Part Two of our Civil War collection, The Soldiers’ Perspective, provides an in-depth look at the day-to-day actions of the troops themselves primarily in the form of regimental histories.
Usually written by an individual, but sometimes compiled by a committee, these books were published after the war to document what actually happened. While some battle and war narratives are included, the focus was primarily on the individual rather than on regimental action.
This is an excellent example that was published in 1868, quite soon after the war ended: New Jersey and The Rebellion: A History of the Services of the Troops and People of New Jersey in Aid of The Union Cause by John Y. Foster.
From the Preface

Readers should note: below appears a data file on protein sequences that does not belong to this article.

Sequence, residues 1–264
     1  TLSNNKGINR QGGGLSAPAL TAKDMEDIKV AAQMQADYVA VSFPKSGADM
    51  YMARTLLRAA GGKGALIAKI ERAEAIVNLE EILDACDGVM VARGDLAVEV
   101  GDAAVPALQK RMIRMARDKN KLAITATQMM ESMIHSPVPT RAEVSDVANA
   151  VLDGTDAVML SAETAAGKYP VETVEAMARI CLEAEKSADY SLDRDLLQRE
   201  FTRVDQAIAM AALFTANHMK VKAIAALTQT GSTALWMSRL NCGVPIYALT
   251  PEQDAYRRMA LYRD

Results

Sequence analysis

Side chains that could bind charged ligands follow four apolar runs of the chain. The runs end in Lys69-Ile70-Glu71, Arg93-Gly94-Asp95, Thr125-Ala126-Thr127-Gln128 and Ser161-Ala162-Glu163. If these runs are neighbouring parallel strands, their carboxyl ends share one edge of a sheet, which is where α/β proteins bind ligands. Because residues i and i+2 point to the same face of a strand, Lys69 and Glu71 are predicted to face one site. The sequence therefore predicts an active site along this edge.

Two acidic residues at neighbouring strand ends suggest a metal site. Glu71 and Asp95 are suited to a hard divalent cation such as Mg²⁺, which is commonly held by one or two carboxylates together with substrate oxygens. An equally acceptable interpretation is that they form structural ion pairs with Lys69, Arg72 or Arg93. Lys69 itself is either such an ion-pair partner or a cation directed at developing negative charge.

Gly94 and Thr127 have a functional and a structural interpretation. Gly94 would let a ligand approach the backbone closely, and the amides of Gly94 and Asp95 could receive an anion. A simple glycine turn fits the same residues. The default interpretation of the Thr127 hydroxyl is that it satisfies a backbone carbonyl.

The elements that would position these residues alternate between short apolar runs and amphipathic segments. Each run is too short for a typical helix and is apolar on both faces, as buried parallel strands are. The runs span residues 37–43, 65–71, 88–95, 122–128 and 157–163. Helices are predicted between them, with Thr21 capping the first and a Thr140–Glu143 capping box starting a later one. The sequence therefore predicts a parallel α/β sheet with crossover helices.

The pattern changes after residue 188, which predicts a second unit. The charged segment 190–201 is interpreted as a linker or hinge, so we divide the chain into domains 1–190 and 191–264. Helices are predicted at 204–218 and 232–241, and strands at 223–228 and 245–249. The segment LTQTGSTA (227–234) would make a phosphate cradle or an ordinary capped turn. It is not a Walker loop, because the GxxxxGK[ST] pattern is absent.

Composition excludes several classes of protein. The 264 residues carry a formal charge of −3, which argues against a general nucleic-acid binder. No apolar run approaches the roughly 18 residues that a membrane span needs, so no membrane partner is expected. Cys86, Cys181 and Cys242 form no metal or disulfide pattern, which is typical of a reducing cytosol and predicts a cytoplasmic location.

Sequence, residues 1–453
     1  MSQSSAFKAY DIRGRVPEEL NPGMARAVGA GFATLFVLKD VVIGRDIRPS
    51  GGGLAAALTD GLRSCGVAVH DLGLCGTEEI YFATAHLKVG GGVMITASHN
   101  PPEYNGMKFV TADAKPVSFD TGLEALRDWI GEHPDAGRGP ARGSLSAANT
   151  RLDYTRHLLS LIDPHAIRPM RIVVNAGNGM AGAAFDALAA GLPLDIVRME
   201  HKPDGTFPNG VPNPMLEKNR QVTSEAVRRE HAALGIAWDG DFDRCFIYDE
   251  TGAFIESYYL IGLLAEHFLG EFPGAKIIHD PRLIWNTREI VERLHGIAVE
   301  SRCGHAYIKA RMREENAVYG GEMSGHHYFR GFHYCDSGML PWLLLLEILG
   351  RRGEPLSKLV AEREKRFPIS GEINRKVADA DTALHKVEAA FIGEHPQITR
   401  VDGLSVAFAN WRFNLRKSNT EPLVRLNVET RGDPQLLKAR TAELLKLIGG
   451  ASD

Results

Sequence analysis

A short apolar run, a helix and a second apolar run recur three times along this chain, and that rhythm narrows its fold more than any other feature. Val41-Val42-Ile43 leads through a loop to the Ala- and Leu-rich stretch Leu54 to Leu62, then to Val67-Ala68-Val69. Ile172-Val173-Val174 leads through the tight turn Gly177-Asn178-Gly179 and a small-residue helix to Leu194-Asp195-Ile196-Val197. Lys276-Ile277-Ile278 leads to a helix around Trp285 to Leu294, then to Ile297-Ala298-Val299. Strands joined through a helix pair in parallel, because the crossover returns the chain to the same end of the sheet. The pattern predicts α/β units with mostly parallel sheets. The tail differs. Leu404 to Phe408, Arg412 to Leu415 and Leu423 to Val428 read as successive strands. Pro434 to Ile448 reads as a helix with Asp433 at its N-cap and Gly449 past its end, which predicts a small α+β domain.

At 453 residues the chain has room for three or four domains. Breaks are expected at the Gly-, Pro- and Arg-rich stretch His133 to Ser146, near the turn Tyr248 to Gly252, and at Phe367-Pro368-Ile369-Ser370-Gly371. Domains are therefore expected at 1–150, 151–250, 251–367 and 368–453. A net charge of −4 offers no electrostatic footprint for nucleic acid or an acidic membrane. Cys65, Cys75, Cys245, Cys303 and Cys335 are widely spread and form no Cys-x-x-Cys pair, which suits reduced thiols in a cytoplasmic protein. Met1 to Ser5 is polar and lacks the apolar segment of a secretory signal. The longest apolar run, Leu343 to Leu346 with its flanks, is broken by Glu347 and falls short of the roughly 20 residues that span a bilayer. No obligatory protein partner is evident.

The story of New Jersey’s part in the War for the Union, recorded in the following pages, has been written under many and serious difficulties. While the writer has in some cases been furnished with ample materials, in many others he has not been able to procure any official data whatever, while in nearly every instance he has found the testimony so conflicting and uncertain that it has been impossible to reach any really satisfactory conclusion. Compelled in some cases to examine hundreds of pages of manuscript to arrive at a single fact, and in others to travel scores of miles in quest of some authority which, when found, proved worthless or untrustworthy, the labor of gathering up the stray hints, the vague personal narratives, and the official statements out of which this Book is constructed, has been from first to last infinitely greater than any reader will conceive. But to the writer, this work, with all its embarassments and discouragements, and responsible as it proved, has been one of genuine pleasure; and if he has been so fortunate as to preserve any facts as to the gallantry of our troops, or the patriotism of our people, which might otherwise have been lost, he is wholly content.